Final results - top three, plus US finishes: Europe - 27 boats: 1. GBR, 2. NED, 3. ARG, 16. USA. Finn - 25 boats: 1. GBR, 2. ITA, 3. SWE, 6, USA. 470 M - 29 boats: 1. AUS, 2. USA, 3. ARG. 470 W - 19 boats: 1. AUS, 2. USA, 3. UKR. 49er - 17 boats: 1. FIN, 2. GBR, 3. USA. Laser - 43 boats: 1. GBR, 2. BRA, 3. AUS, 12. USA. Mistral M - 36 boards: 1. AUT, 2. ARG, 3. NZL, 11. USA. Mistral W - 29 boats: 1. ITA, 2. GER, 3. NZL, 4. USA. Soling - 16 boats (fleet racing): 1. NOR, 2. NZL, 3. NED, 4. USA. Star - 16 boats: 1. USA, 2. GBR, 3. BRA. Tornado - 16 boats 1. AUT, 2. AUS, 3. GER, 7. USA. For those who like to keep track of medals: Great Britain won medals in five classes: three golds and two silvers. Two nations captured four sailing medals: Australia won two golds, a silver and a bronze, while USA sailors took home a gold, two silvers and a bronze.
The BT Global Challenge is described as "the world's toughest yacht race." Sailing upwind, "to weather," can be grueling, and the harsh conditions are jarring to the yacht and the crew. But every four years, hundreds of crew volunteers sign up for the BT Global Challenge, eager to attack a course, which pits them against prevailing wind and currents more than half the time. Selected after a rigorous interview process with BT Challenge management, these volunteers, listing every profession except sailor, raise approximately $40,000 in sponsorship funds. The race emphasizes team building, teamwork, and critical decision making, with points awarded per leg as well as for total elapsed time.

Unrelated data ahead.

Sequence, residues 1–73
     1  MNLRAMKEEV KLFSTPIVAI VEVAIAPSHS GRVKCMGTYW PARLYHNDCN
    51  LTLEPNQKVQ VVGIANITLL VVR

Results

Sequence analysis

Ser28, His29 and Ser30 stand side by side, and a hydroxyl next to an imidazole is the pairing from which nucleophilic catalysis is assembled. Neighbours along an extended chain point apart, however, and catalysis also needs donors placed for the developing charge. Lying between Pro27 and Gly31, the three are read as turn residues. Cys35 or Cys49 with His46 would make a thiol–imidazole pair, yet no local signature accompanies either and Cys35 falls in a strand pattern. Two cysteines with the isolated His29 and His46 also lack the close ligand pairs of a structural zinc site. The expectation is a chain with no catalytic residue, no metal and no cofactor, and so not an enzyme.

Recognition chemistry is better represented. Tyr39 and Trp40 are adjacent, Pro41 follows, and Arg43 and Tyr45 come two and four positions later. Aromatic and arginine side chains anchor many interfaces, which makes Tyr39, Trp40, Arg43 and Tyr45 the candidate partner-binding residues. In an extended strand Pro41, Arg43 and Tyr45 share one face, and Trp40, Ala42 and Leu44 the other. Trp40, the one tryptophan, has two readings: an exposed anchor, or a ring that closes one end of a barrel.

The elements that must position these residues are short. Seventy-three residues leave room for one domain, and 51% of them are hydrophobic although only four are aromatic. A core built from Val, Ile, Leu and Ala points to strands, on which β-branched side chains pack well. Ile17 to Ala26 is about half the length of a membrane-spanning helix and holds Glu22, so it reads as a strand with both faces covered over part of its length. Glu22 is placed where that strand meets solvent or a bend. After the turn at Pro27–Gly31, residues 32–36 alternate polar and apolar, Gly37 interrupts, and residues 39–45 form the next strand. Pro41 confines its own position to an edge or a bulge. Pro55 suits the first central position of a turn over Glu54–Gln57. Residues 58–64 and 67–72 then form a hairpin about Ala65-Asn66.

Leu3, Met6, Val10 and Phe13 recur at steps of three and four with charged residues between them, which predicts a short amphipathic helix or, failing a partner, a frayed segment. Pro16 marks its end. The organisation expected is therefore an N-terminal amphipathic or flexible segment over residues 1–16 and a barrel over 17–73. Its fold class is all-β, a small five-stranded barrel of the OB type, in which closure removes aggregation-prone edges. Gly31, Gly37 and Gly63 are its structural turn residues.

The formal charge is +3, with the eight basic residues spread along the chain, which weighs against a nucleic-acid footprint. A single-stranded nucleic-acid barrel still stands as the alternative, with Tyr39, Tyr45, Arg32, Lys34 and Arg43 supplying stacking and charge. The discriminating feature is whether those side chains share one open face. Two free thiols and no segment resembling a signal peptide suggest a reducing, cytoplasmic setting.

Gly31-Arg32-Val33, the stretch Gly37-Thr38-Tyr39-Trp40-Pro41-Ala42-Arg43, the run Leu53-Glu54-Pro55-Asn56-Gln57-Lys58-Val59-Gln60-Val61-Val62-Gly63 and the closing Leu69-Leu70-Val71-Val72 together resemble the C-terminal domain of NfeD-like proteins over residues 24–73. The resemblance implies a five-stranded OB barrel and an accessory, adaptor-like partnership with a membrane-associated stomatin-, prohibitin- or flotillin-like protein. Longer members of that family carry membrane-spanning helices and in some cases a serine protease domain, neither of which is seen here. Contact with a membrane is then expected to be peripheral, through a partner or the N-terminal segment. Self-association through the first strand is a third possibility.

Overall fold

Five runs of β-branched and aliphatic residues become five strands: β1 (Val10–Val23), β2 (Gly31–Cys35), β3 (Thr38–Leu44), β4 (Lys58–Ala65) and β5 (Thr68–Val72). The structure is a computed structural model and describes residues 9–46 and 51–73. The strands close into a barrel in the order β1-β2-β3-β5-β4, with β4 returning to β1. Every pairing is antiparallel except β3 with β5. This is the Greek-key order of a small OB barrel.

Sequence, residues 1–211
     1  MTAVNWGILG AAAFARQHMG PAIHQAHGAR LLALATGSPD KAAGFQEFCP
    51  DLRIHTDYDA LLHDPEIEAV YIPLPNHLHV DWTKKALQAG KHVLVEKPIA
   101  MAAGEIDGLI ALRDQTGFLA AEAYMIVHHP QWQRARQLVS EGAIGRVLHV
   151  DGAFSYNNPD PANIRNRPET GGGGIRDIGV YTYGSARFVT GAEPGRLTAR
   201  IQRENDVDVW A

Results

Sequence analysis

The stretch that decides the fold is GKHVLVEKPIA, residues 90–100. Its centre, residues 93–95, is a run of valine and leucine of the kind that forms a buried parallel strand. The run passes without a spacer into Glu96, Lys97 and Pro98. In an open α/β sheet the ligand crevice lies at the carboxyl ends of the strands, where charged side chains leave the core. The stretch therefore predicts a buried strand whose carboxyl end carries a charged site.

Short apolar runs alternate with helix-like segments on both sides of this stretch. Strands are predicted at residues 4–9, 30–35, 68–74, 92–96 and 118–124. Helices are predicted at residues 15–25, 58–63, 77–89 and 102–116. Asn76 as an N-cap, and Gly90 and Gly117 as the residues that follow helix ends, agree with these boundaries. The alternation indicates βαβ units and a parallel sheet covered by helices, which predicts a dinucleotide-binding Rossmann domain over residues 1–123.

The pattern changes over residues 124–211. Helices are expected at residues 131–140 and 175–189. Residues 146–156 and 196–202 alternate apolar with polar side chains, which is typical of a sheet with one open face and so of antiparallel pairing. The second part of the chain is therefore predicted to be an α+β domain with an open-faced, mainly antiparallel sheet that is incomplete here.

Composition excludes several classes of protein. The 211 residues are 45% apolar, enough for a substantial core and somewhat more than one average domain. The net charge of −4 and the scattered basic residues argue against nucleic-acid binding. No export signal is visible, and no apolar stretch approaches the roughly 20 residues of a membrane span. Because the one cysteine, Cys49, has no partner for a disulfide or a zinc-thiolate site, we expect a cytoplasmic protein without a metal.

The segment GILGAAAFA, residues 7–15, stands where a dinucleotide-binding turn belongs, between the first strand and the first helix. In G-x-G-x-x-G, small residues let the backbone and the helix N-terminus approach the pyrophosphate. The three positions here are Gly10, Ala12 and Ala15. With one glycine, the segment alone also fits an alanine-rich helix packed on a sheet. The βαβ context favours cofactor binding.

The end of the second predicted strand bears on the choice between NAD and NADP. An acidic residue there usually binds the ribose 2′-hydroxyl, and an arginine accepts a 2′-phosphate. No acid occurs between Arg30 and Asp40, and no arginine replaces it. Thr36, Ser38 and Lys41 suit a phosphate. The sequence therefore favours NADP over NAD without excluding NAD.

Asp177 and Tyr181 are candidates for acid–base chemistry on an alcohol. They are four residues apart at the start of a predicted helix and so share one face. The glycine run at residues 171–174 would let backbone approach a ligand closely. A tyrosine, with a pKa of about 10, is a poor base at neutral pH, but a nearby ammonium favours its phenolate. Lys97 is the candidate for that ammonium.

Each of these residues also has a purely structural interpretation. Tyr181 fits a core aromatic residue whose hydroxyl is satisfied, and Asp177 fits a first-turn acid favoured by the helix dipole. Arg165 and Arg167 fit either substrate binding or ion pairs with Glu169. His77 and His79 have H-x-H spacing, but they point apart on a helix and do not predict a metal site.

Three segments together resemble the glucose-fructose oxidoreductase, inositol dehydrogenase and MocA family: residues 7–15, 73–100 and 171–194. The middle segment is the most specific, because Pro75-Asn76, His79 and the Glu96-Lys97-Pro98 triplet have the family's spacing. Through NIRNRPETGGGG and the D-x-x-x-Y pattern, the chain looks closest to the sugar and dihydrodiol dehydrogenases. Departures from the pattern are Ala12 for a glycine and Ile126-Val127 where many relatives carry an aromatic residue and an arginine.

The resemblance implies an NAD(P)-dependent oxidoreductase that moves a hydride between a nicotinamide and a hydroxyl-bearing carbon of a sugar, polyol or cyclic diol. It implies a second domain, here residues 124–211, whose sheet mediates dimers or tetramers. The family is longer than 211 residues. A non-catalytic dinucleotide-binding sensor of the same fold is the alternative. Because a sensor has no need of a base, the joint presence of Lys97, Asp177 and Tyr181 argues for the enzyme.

Quadstone, the big orange boat, has won the first leg of the BT Global Challenge after crossing the finish line at 13:22:55 GMT, in Boston Harbor on Sept. 28. They left Ocean Village, Southampton, England, on Sept. 10, for the 3,200 mile first leg, were in 12th place in the beginning of the leg, but for the last week, have managed to maintain a sizeable lead over the rest of the fleet of 12 boats. Their winning time was 18 days, two hours, 17 minutes and 55 seconds. Quadstone's skipper, Alex Phillips, 34, has logged more than 50,000 offshore sailing miles. She also has raced as main trimmer, navigator and tactician in many inshore and offshore races, including two Fastnets. On board is one American, John Bailes, 47, an investment advisor from Somerville, Massachusetts. Leg 2 of the BT Challenge will depart Boston on Oct. 15 for Buenos Aires, with an ETA of Nov. 19.